Antarctica with Lindblad National Geographic - Day 6


Hidden Bay, Gerlache Strait & Enterprise Island: We started our adventure today at Hidden Bay, an area first explored in the late 1800’s and named because the bay is hidden from the north by a set of islands. The fierce weather that had been following us continued to make its presence known in the morning.


As we prepared to enter our zodiacs, the snow was falling hard and being swept into our faces with the wind. However, the sight of ice in the water, beautiful mountain peaks and snow along the shores kept the grins on our faces as we plunged through the water to explore the bay.



We were treated to many different sights included Gentoo Penguins swimming in the water and leaping onto small icebergs floating in the water. Another time we saw calving ice thunderously falling into the water.



This is also home to a shipwreck which we explored. The Governoren, once a cattle carrier, the ship eventually functioned as one of the largest whaling factory ships of her time. On January 27, 1915, the Governoren was at sea, performing her duties as a floating factory.


At the time, building whaling facilities on land in Antarctica wasn’t always feasible. Enormous ships like Governoren became ideal carriers of everything needed for hunting and harpooning whales. Additionally, when the whales were brought aboard, the ships provided a space for flensing – the removal of blubber – and separation of other usable parts of the whale.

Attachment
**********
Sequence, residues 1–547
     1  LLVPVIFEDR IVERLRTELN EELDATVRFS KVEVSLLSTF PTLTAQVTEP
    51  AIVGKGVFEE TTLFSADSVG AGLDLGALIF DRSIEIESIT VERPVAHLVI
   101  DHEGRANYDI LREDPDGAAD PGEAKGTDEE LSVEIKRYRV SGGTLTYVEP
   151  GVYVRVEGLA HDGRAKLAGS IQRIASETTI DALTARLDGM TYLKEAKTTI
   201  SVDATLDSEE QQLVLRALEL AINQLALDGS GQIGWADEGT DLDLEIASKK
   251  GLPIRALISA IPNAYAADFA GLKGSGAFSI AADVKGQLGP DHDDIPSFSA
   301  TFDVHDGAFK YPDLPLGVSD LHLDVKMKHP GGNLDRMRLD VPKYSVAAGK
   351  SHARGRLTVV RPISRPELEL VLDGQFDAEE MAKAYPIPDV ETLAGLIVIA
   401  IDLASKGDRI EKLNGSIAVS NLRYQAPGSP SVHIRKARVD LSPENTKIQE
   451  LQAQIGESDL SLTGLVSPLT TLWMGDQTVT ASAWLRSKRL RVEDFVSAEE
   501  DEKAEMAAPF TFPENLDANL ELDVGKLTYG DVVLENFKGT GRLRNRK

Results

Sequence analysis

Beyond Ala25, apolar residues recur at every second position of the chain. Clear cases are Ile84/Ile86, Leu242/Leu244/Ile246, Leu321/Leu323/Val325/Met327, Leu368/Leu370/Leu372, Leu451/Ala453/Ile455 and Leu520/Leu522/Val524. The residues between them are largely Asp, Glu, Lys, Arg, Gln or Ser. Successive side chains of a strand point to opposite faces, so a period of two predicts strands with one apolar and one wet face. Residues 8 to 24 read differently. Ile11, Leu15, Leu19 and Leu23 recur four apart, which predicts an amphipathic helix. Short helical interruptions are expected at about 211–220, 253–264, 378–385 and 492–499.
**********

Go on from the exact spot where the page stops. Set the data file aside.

As this particular 1915 whaling mission wrapped up, the crew threw a party (as was standard practice aboard floating factories) to celebrate the success of a long and laborious mission hunting and processing whales, and the anticipated journey home. Someone, perhaps while dancing too boisterously, knocked a lamp off a table and the ship caught fire. The Governoren was of course full of thousands of gallons of whale oil, so you can see the result coming… that’s right, the oil fueled the fire, causing it to quickly grow out of control.

Although resulting in the terrible loss of whale oil and of a historic ship, the captain set Governoren aground and the entire crew of 85 were able to escape, only to watch the blazing ship burn to ruin. None of the crew members were injured by the fire; all were rescued by another whaling vessel. So the story does have a happy ending… kind of!

In the afternoon we began cruising through the Gerlache Strait. Our resident whale expert and naturalist, Connor Ryan, began a wonderful talk on whales only to spot out of the corner of his eye a Killer Whale swimming in the distance. So, the talk was put on hold for a while so we could get a better look at these magnificent animals.


70 views0 comments